Calcio Debate: Were Inter Right Not To Sell Maicon To Real Madrid?

Adam Scime considers the ‘to sell or not to sell’ dilemma regarding the Brazilian full-back...
On Monday, one of the longest running transfer sagas of the summer came to a close as Maicon’s potential move to Real Madrid collapsed when Inter president Massimo Moratti claimed that their galloping defender was ‘going nowhere.’

Considered to be the best right-back in the world by a majority of football pundits, holding on to him could be considered a coup, but there are two sides to every coin and's Milan-based expert Kris Voakes discusses the implications of Moratti’s announcement that ‘if Real Madrid really wanted him, they should have tried harder.’

“Maicon had a marvellous last few months to the 2009-10 season, and deservedly received countless accolades for his contribution to Inter's historic run, but around the turn of the year he had been showing signs of fatigue and disinterest,” he said of the 29-year-old, who was believed to be eager to move to Spain to re-link with coach Jose Mourinho.

“It wasn't really until the first-leg against Chelsea in the Champions League that his form picked up once more. For all his amazing attributes, he also has a thirst for the party life, and at his age, the figures being spoken about with Real Madrid are very attractive to Inter.”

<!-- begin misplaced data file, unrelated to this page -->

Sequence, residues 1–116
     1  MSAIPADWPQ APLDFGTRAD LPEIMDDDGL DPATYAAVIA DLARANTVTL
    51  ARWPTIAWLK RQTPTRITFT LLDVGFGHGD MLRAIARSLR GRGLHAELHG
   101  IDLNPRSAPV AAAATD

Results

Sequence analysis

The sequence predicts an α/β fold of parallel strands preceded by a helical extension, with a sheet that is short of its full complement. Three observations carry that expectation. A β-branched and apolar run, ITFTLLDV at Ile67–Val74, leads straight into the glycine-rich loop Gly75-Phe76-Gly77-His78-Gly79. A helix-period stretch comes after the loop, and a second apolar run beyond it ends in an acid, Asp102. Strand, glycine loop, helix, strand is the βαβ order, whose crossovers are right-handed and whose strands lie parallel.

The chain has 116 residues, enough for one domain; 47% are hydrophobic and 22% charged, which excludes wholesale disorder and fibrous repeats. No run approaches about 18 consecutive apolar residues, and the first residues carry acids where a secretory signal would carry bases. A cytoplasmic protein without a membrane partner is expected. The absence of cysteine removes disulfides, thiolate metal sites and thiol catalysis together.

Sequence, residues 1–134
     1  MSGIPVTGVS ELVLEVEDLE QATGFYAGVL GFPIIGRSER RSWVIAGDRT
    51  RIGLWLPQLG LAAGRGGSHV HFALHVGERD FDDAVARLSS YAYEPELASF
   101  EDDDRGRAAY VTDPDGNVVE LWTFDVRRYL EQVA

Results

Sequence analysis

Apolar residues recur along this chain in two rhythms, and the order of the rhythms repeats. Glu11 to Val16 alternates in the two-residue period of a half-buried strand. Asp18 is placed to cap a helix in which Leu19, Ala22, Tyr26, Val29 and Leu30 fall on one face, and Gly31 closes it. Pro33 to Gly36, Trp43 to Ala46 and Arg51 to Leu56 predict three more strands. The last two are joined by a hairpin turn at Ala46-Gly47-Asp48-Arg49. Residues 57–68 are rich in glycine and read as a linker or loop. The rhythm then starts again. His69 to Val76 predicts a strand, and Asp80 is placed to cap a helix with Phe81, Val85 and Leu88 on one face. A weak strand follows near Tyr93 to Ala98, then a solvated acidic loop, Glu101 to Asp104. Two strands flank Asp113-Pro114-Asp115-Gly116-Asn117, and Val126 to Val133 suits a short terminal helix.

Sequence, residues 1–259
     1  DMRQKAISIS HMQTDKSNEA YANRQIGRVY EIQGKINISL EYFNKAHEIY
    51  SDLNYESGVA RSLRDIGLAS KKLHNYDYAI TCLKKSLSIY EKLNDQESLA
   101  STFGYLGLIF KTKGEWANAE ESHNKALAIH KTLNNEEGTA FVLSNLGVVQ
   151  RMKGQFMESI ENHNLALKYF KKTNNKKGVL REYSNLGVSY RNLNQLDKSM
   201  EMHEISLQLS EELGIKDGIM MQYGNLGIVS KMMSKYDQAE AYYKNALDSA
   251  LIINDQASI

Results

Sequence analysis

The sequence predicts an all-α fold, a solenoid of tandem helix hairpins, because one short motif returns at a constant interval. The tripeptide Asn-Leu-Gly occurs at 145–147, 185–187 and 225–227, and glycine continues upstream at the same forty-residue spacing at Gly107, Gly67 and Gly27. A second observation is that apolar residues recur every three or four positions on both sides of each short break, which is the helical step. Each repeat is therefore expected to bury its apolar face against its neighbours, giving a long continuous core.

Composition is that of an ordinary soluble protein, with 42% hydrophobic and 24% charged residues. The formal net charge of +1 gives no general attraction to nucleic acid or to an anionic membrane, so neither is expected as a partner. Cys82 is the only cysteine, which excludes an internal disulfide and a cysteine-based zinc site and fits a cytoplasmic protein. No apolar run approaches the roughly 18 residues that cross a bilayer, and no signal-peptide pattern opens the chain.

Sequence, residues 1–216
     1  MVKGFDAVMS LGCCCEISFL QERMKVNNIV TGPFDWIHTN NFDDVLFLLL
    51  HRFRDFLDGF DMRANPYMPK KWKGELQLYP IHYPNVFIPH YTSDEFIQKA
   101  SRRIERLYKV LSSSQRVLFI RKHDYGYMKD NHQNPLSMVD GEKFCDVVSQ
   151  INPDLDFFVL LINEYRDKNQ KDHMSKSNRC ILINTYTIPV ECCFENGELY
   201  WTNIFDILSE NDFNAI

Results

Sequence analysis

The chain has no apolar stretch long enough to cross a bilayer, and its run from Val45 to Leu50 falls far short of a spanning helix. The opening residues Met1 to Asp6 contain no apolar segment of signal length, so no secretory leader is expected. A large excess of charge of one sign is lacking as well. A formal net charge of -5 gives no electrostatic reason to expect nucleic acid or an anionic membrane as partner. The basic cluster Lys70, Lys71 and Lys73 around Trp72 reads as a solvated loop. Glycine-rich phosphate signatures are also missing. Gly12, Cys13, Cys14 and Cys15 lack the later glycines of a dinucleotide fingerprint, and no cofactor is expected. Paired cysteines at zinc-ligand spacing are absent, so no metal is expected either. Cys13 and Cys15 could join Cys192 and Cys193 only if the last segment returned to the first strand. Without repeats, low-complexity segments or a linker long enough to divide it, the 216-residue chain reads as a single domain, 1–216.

Those figures, reportedly in the region of €28 million, would have seen the Merengues prise Maicon at the height of his powers and perhaps be an initial blow to new coach Rafael Benitez, but both Real Madrid and Inter could rue their inability to reach a consensus. The Nerazzurri have other options in skipper Javier Zanetti and starlet Davide Santon as ready-available cover.

Whilst his sale will undoubtedly weaken the squad, the money involved is just too tempting, and will give the Nerazzurri the opportunity to seek a cheaper and younger replacement who could become the next great Serie A right-back. Add to that the continued development of Santon and they are pretty well set already. And so long as Real Madrid are not expecting a long-term return on their investment, this could be one of those few transfers that suits everybody involved.

If there was ever a time to cash in on Maicon, it would be now.  Perhaps the former Monaco man cannot be directly replaced since he is the cream of the crop, but the issue must become one of adaptation for the Beneamata, rather than substitution.

Was it the right decision to hold on to 2010 World Cup participant? Only time will tell – if the player picks up where he left off at the end of last season, then all is well, but should his displays waver then questions will be raised as to why he remained when Inter were seemingly in the perfect position to sell.

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